strained, as he wrestled with him. And he said, Let me go, for the day breaketh. And he said, I will not let thee go, except thou bless me. And he said unto him, What is thy name? And he said, Jacob. And he said, Thy name shall be called no more Jacob, but Israel: for thou hast striven with God and with men, and hast prevailed.
Edom was the name of the country where Esau's descendants lived. It represents the outer man, the body, or the carnal, physical phase of man's consciousness and organism. The significance of Seir is virtually the same as that of Edom. Seir apparently designates especially the emotional and stormy yet deep-seated carnal tendencies in the physical.
Does the river Jordan perform an important work in consciousness?
The Jordan ("flowing of judgment") may be said to represent that place in consciousness where we are willing to meet the results of our thoughts face to face and understandingly and courageously to pass judgment on all thoughts.
Explain something of the equalizing process that takes place between soul and body. Why is such a process necessary?
In the soul's unfoldment the higher faculties forge ahead, establish states of consciousness, and gather possessions of substance that must afterward be distributed to the lower faculties. Jacob represents the soul that has become rich in ideas. A time comes when an equalizing process begins and the body (Esau) must be given some of the riches of the soul.
What is symbolized by Jacob's fear of meeting Esau?
Until love has done its perfect work man is fearful. Jacob feared to meet Esau. We find it hard to face the full claims of the body (Esau) after we have cheated it of its birthright, unity of soul and body in spiritual thought. Divine courage must supplant this fear before we are equal to facing the consequences of our self-centered thoughts and to taking up the task of harmonizing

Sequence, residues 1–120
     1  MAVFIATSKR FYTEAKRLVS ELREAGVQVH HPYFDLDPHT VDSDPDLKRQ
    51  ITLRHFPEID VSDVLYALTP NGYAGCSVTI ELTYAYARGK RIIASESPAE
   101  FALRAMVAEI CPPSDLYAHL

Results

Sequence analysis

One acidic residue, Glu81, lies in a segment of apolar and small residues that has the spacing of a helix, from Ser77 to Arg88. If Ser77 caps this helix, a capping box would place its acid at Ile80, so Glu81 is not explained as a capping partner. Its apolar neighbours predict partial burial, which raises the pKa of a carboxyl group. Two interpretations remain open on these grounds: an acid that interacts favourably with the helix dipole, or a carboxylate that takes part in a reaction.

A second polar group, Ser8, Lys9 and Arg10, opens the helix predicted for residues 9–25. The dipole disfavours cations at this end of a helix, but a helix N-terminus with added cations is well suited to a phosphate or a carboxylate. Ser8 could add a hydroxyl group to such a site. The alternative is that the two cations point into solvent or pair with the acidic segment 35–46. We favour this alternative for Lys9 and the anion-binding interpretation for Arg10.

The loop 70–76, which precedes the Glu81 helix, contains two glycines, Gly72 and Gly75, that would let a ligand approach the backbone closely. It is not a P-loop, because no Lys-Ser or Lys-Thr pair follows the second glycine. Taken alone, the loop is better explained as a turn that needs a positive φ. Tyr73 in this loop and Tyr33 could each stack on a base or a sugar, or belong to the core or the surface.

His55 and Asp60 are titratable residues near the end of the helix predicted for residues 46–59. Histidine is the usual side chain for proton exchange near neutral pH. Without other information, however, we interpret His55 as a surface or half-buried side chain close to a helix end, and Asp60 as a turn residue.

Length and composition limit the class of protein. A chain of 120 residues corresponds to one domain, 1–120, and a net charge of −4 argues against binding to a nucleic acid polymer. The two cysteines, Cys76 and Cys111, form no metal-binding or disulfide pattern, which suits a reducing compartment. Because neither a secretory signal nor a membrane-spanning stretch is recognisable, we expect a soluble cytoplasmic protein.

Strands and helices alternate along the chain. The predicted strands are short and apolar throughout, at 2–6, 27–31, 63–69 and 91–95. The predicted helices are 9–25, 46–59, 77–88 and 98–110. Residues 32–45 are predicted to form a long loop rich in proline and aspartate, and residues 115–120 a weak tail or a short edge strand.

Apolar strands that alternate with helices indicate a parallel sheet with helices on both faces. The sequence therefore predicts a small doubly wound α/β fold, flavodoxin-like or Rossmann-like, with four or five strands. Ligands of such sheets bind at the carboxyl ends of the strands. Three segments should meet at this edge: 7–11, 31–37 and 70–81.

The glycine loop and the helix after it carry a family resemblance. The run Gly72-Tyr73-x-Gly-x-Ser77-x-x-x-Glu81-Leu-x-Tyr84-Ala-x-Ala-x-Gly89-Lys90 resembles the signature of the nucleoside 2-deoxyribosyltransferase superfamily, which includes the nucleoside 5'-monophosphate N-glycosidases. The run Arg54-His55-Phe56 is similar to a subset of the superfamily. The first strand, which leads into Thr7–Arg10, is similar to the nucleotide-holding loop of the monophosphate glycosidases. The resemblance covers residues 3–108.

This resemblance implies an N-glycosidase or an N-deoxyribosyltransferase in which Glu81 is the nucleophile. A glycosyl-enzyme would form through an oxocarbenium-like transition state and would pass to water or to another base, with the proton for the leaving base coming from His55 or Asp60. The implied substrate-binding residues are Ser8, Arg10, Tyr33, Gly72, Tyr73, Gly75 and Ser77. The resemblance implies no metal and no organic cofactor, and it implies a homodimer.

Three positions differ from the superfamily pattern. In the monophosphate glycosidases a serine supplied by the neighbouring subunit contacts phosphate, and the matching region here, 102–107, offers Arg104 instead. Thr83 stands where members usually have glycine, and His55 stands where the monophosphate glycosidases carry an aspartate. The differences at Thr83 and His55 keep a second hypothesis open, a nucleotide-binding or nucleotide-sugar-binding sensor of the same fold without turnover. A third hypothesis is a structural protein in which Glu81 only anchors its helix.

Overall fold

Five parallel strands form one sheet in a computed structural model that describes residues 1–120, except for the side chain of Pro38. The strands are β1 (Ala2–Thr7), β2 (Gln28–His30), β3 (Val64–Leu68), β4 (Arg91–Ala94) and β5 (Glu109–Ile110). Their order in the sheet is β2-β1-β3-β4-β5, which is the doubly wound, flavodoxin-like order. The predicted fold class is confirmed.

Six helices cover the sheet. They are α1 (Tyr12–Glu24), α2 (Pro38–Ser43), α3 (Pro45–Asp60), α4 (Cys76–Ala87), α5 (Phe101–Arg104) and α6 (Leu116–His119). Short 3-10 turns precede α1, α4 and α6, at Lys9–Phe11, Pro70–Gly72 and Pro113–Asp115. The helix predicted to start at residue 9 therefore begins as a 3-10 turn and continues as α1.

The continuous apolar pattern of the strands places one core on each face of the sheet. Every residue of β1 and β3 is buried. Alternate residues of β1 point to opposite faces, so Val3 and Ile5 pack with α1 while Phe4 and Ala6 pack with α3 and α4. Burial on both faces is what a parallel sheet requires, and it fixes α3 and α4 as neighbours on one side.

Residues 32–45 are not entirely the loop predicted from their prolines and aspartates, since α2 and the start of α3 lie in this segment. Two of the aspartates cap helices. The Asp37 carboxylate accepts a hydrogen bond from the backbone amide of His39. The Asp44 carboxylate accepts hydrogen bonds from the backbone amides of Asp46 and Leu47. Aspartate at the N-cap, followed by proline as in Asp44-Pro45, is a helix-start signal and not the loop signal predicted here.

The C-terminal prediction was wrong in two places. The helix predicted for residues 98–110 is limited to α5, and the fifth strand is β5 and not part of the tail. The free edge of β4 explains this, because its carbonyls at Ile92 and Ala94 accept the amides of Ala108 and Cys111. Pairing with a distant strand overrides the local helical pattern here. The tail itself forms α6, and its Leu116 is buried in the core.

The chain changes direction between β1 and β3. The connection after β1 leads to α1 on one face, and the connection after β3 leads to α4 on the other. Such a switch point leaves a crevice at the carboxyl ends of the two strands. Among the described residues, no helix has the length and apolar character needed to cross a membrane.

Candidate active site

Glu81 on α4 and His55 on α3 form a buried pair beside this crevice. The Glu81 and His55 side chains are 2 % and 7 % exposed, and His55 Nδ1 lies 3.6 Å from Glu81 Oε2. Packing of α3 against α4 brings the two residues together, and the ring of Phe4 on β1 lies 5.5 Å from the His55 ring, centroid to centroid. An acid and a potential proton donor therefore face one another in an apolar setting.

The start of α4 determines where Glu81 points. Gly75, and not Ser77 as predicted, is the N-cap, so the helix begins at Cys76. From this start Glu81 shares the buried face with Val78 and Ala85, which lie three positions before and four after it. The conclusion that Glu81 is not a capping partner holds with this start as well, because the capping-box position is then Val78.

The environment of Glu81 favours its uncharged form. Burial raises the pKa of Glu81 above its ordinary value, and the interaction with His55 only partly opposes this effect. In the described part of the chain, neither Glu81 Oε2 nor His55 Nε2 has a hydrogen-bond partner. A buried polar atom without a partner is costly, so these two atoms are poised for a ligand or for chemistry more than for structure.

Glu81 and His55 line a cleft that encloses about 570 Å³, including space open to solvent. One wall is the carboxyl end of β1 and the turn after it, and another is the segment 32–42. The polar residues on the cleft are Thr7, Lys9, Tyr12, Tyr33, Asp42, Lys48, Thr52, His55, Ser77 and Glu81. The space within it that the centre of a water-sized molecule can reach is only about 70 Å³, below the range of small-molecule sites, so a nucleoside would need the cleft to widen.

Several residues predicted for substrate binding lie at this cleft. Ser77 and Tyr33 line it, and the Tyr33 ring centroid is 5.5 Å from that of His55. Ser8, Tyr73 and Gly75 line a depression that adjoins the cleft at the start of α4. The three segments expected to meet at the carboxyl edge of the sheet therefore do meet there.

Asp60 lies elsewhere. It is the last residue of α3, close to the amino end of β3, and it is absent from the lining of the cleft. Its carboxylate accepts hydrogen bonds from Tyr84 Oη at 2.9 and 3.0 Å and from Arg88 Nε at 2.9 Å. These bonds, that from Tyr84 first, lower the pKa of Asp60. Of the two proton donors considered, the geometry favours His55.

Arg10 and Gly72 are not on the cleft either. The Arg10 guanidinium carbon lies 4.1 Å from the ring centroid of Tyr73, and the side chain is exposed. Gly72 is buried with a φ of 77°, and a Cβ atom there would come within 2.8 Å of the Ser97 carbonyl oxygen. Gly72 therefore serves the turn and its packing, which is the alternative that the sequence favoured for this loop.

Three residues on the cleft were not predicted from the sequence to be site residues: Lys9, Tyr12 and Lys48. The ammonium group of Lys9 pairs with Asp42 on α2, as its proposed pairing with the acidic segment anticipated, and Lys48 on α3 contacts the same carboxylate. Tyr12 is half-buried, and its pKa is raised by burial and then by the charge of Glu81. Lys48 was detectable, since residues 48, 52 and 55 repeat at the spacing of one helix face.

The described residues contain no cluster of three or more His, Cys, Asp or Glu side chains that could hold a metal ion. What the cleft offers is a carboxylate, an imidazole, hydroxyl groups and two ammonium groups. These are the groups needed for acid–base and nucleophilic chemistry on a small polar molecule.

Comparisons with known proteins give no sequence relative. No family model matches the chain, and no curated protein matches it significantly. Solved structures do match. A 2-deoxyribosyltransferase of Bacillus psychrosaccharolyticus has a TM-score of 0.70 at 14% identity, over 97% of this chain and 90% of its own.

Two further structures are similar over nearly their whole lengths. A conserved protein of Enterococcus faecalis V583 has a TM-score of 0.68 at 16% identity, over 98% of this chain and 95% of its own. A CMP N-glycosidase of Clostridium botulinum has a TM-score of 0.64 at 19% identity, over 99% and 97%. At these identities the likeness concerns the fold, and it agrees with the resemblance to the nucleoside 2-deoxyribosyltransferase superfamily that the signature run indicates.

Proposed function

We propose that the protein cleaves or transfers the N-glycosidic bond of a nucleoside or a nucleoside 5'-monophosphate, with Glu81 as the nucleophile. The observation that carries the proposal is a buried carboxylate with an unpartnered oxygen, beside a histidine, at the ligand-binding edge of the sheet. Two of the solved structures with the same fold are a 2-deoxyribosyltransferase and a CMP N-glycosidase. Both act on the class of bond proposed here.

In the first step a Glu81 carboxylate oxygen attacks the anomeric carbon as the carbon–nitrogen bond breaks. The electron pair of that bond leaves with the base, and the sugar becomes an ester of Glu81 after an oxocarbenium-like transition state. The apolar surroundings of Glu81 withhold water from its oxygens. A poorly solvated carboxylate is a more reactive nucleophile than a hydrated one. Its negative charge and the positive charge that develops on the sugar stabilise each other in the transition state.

all our forces. But the vital power of Spirit animates the body, and it responds readily to our true thought when we give it of our substance.
What is the "strong man" with which the intellect must struggle for control of the body?
The soul does not like to enter into struggles to overcome material habits, but it is necessary that it do so. The name of the ford where Jacob wrestled with the angel means "wrestling," and the inference is that it was hard for Jacob to put aside the things that he loved and to enter alone into the invisible to wrestle with the forces of the subconsciousness or sense consciousness in darkness. This struggle with the physical is illustrated in the overcoming by Jesus in the garden of Gethsemane. The error is "pressed out" and the rich oil of reality saved.
The life in the subconsciousness has several planes of action. In the deep recesses of the nerves it sends its energy to and fro, coming to the surface here and there in flesh-and-blood sensation. There is a strong man down there about whom the average person knows little. He lives so far below the plane of common consciousness that the great majority of men go through their whole life without making his acquaintance. This man is pure nature, the foundation of the body. Without him man could not take form, and it is his tenacity that keeps our organism intact. He belongs to nature and is universal; hence when the individual attempts to control him and to lift him up, there is resistance, and a severe struggle with him is inevitable. "The flesh lusteth against the Spirit, and the Spirit against the flesh."
Through what physical avenue does the mind control the body? Explain the reaction that is indicated by Jacob's thigh being out of joint. Why was Jacob's name changed to Israel?